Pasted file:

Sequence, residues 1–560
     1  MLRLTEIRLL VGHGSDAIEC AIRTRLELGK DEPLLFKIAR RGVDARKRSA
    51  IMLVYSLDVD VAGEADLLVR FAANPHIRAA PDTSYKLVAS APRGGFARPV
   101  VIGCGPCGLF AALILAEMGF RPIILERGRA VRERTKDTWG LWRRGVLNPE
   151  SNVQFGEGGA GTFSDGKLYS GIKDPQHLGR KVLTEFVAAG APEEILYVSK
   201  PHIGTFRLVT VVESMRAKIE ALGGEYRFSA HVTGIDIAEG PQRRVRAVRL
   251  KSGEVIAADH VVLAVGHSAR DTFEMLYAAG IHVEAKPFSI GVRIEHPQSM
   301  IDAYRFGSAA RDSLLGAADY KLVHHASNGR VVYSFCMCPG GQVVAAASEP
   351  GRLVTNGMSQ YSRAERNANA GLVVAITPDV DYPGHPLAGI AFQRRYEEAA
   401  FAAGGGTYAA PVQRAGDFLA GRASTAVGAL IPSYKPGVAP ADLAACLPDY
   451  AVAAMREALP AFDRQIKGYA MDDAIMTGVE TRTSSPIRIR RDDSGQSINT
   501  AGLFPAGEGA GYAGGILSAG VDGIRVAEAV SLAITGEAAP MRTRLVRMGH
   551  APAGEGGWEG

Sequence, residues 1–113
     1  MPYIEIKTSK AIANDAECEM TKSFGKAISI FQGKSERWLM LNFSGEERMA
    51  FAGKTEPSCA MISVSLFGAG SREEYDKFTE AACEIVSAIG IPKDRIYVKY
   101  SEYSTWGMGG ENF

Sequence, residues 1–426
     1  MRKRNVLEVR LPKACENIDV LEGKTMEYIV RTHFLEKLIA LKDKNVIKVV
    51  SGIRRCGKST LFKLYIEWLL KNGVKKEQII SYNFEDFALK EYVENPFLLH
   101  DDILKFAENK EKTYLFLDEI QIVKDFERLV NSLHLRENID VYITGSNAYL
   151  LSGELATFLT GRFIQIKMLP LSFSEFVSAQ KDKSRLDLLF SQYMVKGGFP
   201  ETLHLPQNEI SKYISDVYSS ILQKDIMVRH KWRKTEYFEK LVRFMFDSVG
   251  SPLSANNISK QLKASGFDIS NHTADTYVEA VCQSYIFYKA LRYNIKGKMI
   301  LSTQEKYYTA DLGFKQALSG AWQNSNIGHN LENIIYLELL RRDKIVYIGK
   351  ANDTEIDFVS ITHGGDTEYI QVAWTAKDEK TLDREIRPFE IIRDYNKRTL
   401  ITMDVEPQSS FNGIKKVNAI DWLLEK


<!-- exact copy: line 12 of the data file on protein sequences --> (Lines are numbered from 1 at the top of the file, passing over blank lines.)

   501  AGLFPAGEGA GYAGGILSAG VDGIRVAEAV SLAITGEAAP MRTRLVRMGH